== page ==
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Totem Plus is to offer its customers Naval Dome’s cyber defence solution as a supplement to its PC-based navigation and automation systems, following the September signing of a Letter of Intent (LOI) with the cyber security specialist.

Totem Plus is to offer its customers Naval Dome’s cyber defence solution as a supplement to its PC-based navigation and automation systems (pictured below)

The two Israel-based companies began cooperating last year when the Naval Dome solution was used to protect the Totem Plus ECDIS, IMAC (Integrated Monitoring, Alarm & Control), VDR and BAM (Bridge Alert Management) installations aboard a 5000TEU containership.

Capt. Azriel Rahav, Chief Executive Officer, Totem Plus, said: “We are proud to be a pioneer of cutting edge maritime systems. Being able to offer the first maritime multi-layer cyber defence solution with our navigation and automation systems provides unrivalled protection to our customers. I don’t think any other ECDIS provider can offer this level of security without impacting performance.”

“We opted to partner with Naval Dome because its cyber security solution is proven to offer affordable multi-layer protection designed specifically for maritime application. As a stand-alone device it doesn’t have to be integrated, so it can be used with any connected or unconnected system onboard ship. It is intelligence grade cyber protection that requires minimal human interaction.”

Commenting on the vulnerability of navigation systems to cyberattack, Itai Sela, Chief Executive Officer, Naval Dome, said: “Although there is a concerted effort to ensure ships systems and data are properly protected, ECDIS is a weak link. If not protected, they can provide hackers with an easily penetrable ‘back door’ to ship systems and data, due to the frequency with which charts are information is downloaded.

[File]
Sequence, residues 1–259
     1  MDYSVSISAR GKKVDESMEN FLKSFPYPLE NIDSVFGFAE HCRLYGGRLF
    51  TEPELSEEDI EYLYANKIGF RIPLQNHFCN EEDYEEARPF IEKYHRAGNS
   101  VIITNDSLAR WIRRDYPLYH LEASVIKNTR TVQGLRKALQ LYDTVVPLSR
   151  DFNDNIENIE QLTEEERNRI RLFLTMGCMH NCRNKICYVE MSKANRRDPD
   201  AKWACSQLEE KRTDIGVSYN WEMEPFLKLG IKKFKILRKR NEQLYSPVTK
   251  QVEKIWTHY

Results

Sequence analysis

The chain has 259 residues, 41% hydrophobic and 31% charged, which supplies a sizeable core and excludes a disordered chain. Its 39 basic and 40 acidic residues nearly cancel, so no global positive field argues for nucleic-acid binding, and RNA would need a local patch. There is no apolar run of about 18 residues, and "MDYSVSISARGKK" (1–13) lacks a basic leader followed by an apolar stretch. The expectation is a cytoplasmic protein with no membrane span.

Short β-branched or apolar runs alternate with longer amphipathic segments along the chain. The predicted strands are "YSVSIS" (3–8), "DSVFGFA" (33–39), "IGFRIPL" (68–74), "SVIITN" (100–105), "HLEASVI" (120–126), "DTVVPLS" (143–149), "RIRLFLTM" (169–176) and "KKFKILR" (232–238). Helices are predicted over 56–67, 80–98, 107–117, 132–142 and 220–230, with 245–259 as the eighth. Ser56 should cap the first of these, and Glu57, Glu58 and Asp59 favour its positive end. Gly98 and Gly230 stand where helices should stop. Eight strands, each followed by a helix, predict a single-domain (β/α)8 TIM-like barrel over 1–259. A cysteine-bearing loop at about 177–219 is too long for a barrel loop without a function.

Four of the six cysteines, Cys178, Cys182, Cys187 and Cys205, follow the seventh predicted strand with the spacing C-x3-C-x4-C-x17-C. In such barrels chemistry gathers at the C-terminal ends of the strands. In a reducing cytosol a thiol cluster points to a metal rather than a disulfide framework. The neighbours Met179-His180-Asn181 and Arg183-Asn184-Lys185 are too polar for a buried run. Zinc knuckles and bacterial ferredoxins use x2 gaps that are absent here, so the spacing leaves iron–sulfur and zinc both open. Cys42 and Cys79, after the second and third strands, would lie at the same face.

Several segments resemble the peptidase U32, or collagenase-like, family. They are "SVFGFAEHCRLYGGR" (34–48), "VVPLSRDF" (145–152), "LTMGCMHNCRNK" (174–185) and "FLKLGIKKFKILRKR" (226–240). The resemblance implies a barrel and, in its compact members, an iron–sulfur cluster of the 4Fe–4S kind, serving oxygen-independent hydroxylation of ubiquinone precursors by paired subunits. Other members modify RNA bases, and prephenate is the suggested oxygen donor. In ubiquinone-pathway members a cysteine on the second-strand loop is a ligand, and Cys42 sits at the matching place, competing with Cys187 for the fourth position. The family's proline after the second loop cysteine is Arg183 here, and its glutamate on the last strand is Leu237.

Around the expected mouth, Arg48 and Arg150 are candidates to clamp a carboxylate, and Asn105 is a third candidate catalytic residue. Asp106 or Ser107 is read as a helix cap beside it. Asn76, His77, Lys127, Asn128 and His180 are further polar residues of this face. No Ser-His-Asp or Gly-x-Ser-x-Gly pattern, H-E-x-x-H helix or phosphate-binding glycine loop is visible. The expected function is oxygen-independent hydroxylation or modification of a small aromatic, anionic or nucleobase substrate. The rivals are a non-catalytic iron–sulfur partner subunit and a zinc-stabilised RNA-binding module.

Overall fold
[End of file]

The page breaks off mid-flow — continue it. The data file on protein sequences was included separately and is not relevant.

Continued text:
“I am delighted that Totem Plus has agreed to offer its product portfolio with Naval Dome cyber protection. I cannot emphasise enough the commercial, environmental and safety impacts that an unprotected navigational system will have on operations should a cyberattack be successful. The solution we have developed will safeguard against this and protect Totem Plus customers from unauthorised access to critical systems.”

Last year saw an unprecedented number of cyberattacks and indications from security analysts suggest 2018 will be equally threatening, as more and more companies store data in the “cloud” and increase the number of internet-connected devices.

“The threat is very real and hackers are becoming increasingly more sophisticated in the methods they use to access data and manipulate system information,” said Sela.

However, the results of a survey carried out last month by NSSLGlobal, an independent service provider of satellite communications and IT support, demonstrates a worrying lack of maritime cybersecurity training amongst ship crews.

“While a good percentage of crews are aware that they have an important role to play in thwarting any cyber security breaches, the report highlighted that 84% of the [571] crew members surveyed claimed to have received limited or no cybersecurity training. This is a real concern. But our system takes away the human element,” he said.

The cooperation agreement with Totem Plus follows a Memorandum of Understanding Naval Dome signed earlier this month with Lloyd’s Register to help establish standards and guidelines for maritime cyber defence.

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